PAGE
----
When our online lives are online lies

In the last week, espnW’s profile of Madison Holleran, a University of Pennsylvania student who killed herself a year and half ago, has gotten plenty of deserved attention.

She was, if you believe her Instagram account, a popular and happy 19 year old.

But she wasn’t.

No image captures the paradoxes of Madison’s Instagram account more than the one she posted just an hour before jumping off the parking garage. Holiday lights are twinkling in the trees of Rittenhouse Square, and Madison put a filter on the image that produced an ethereal quality, almost as if the night is underwater.

She seemed acutely aware that the life she was curating online was distinctly different from the one she was actually living. Yet she could not apply that same logic when she looked at the projected lives of others. Before going home for winter break, she asked Ingrid, who was also struggling at Penn, “What are you going to say when you go home to all your friends? I feel like all my friends are having so much fun at school.”

She and Ashley Montgomery, a friend and track teammate, followed a group of Penn upperclassmen on Instagram. They would scroll through pictures and say to each other, “This is what college is supposed to be like; this is what we want our life to be like.”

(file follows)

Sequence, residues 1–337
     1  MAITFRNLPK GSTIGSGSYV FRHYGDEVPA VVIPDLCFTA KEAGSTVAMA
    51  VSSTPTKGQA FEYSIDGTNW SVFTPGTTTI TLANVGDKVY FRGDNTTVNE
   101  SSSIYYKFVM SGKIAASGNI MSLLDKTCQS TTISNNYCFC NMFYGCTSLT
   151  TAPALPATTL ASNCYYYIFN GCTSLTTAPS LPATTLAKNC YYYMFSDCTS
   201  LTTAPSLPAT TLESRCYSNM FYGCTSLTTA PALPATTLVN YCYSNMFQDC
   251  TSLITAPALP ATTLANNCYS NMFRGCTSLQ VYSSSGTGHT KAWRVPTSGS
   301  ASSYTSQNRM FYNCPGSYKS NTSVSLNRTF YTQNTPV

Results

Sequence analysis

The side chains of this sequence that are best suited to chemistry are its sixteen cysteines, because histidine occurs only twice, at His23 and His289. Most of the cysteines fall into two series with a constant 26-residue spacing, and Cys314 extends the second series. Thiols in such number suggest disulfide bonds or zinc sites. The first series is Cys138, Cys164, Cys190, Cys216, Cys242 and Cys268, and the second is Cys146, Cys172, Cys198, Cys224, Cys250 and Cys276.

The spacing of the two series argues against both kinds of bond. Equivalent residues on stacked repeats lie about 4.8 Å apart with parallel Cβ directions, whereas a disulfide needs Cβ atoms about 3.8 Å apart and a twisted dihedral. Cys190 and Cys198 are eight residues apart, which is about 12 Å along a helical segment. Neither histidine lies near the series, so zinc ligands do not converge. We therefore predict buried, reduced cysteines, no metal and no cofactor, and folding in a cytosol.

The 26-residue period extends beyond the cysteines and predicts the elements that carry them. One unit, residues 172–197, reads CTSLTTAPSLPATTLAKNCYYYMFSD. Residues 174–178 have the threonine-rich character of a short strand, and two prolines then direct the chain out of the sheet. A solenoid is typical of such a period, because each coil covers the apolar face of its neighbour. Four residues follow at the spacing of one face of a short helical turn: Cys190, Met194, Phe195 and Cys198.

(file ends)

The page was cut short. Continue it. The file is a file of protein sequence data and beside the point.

It’s a pretty important message that espnW doesn’t make strongly enough. The online lives we compare ours to are lies.

We might feel we cannot measure up to the perfection and happiness we see there, because nobody can. Those lives aren’t real.

Her father has a mission now, according to espnW: “It’s OK to not be OK. It’s OK to show people you’re not OK.”

In the week since the article first appeared, there has been a steady stream of helpful feedback about asking for help. But at the same time, there has been relatively little introspection about our reluctance to show our true selves online and what the impact of that deprivation has on people.

The reality is it’s not OK to show people online you’re not OK. The missing discussion is how are we to change that fact?